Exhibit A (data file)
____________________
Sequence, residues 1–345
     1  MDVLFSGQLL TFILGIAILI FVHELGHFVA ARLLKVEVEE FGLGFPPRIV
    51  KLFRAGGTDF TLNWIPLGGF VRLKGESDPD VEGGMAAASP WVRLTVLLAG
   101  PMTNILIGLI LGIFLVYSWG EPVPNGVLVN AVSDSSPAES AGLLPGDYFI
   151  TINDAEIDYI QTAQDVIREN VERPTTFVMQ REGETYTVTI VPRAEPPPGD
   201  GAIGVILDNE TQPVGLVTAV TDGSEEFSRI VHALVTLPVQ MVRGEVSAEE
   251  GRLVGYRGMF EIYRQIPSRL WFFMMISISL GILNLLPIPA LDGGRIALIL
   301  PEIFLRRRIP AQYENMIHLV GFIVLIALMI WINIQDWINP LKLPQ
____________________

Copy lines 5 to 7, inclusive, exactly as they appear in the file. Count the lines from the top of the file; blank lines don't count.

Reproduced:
   151  TINDAEIDYI QTAQDVIREN VERPTTFVMQ REGETYTVTI VPRAEPPPGD
   201  GAIGVILDNE TQPVGLVTAV TDGSEEFSRI VHALVTLPVQ MVRGEVSAEE
   251  GRLVGYRGMF EIYRQIPSRL WFFMMISISL GILNLLPIPA LDGGRIALIL